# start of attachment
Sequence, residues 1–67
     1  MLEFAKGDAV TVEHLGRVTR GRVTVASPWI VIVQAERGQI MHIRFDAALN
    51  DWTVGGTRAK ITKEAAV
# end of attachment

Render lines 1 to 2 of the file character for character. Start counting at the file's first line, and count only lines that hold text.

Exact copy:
Sequence, residues 1–67
     1  MLEFAKGDAV TVEHLGRVTR GRVTVASPWI VIVQAERGQI MHIRFDAALN